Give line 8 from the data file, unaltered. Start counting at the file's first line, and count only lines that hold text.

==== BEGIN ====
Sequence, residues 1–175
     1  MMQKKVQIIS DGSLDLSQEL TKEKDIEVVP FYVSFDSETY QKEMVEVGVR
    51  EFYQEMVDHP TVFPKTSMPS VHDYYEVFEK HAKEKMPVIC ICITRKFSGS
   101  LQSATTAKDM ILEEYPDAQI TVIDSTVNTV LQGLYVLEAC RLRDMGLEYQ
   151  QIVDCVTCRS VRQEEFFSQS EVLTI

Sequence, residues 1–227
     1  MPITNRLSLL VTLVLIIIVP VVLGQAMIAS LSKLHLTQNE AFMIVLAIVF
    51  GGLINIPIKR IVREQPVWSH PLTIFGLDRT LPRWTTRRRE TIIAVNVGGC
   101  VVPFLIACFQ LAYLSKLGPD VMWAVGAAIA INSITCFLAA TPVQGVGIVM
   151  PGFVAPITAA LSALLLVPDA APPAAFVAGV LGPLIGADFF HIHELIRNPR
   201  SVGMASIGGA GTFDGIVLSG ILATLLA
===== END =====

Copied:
    51  GGLINIPIKR IVREQPVWSH PLTIFGLDRT LPRWTTRRRE TIIAVNVGGC